For example, during World War II, the United States launched a massive war bond campaign to raise the money necessary for funding the war.  They did so because U.S. currency was backed by gold and silver.  They couldn’t simply “print” the dollars needed to fund the war.  But that’s no longer true.  Since 1971, the U.S. has funded the world’s largest standing military, fought two wars in Iraq, a war in Afghanistan, and countless other conflicts.  In doing so, they never once launched a war bond campaign.  They simply printed the dollars they needed.

Since 1971, the U.S. government has been on a spending binge.  In 1971, the U.S. national debt was $398 billion.  Today, it’s $27.8 trillion.  That’s an almost 70-fold increase in debt in the past 50 years.  To fund this massive rise in debt, they’ve run the printing press.  This means the value of a dollar has decreased significantly in the past 50 years.  In 1971, an ounce of gold was $35. Today, an ounce of gold is $1,781.  That’s a 98% decline in the dollar’s purchasing power.

And before you attribute the rise in national debt to the declining purchasing power of the dollar, take a look at the debt relative to national income.  In 1971, the U.S. debt to GDP ratio was 34%.  Today, it’s 127%.  That’s an almost four-fold increase in real terms, and it’s a debt level many economists believe is unsustainable.  As bad as this is, the United States isn’t alone.  In a world awash in fiat currency, debt to GDP ratios are terrible all over the globe.  Japan’s debt to GDP ratio is 256%.  Canada’s is 116%, and the United Kingdom’s is 107%.

The Eurozone alone is home to a number of troubled nations – Greece (181%), Portugal (132%), Italy (155%), France (115%), etc.  Compounding the problem for these nations is they owe their debt in a fiat currency they can’t print.  The European Central Bank controls the euro, and that puts all these nations at potential risk of default if they can’t make their debt payments.  A default by any of those nations will ripple throughout the European banking system which holds billions of euros worth of government bonds.  If European banks become insolvent, financial contagion will spread throughout the world and plunge the world into a financial crisis far worse than the Great Recession, one with the potential to be worse than the Great Depression itself.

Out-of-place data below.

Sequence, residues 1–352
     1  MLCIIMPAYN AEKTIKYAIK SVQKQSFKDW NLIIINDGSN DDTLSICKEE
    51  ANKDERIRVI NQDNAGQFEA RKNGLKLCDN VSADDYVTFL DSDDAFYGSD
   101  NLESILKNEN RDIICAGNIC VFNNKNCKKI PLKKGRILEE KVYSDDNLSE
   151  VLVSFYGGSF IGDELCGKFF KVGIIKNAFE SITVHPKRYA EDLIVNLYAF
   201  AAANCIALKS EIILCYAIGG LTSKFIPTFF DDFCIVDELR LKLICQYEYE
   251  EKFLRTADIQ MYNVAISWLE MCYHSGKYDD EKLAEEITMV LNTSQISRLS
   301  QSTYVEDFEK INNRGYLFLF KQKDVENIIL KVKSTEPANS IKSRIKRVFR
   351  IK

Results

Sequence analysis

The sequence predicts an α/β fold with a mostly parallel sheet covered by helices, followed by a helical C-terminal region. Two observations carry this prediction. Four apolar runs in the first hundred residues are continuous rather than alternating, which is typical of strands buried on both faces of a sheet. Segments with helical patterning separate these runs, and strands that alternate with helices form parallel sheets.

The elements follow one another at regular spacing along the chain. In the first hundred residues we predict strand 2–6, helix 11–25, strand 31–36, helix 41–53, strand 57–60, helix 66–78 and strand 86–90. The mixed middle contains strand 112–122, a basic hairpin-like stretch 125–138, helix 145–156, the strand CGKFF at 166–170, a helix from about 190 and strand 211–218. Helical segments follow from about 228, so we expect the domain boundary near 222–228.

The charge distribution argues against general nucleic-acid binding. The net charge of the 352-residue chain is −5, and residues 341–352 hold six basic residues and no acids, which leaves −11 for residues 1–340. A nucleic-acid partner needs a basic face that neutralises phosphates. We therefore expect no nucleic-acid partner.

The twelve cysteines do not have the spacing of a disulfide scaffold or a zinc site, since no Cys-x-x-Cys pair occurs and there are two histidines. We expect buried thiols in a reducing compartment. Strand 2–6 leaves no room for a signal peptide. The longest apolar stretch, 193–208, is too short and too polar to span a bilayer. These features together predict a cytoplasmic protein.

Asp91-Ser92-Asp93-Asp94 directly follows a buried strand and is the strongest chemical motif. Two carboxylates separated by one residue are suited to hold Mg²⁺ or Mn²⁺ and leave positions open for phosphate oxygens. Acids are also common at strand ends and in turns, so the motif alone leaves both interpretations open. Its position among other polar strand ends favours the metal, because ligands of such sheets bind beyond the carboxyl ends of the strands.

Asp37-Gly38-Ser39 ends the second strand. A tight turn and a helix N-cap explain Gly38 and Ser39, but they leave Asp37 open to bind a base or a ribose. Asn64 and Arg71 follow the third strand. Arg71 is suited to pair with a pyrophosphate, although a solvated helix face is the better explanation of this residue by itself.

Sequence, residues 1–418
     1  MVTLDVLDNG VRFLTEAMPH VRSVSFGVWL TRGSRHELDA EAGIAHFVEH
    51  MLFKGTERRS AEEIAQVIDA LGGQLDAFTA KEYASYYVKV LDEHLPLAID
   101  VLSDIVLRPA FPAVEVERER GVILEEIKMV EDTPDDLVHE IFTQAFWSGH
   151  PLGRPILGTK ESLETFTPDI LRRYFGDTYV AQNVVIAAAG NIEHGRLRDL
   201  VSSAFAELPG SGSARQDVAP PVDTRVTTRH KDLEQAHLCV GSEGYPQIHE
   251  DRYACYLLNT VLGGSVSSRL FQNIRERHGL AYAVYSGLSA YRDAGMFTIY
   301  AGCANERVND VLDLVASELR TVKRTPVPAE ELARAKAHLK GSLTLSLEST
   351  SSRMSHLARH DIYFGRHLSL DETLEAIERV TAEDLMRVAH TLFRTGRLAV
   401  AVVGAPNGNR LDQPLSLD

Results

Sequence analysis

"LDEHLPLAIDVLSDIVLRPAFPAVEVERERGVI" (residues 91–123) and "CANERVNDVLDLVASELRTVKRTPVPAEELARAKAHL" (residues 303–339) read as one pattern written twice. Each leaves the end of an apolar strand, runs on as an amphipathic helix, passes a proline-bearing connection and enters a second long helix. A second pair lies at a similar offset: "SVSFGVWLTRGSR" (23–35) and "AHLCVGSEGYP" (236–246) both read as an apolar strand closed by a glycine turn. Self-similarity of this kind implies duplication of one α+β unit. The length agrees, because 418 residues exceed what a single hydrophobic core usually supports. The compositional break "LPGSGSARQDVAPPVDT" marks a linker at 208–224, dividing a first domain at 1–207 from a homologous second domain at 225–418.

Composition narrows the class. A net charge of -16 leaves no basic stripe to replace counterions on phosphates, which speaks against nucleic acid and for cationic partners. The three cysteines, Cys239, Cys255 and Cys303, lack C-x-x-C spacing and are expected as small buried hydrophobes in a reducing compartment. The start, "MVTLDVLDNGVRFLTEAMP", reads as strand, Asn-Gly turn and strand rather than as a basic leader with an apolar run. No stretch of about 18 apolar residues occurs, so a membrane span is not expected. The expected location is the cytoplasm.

The Central Bank Conundrum

The U.S. Federal Reserve, the European Central Bank, and central bankers throughout the world are well aware of this potential scenario.  It’s their worst nightmare.  More than anything else, they fear an out-of-control deflationary spiral akin to the Great Depression.  This is why central banks engaged in unprecedented measures in 2020 to prop up financial markets as the COVID-19 crisis unfolded.  But now, they face a conundrum.  If they keep these policies in place, we’ll have runaway inflation.  But if they reverse their “easy money” policies, they risk triggering the very financial crisis they’re so eager to prevent.

For example, in the United States, interest on the national debt is $378 billion.  This is the fourth largest expense in the annual budget.  A good portion of the national debt is financed using treasury notes with a maturity of less than ten years.  If the Federal Reserve raises interest rates, the interest on the national debt will grow and eat up a larger and ever-growing portion of the annual budget.  The same is true for other countries.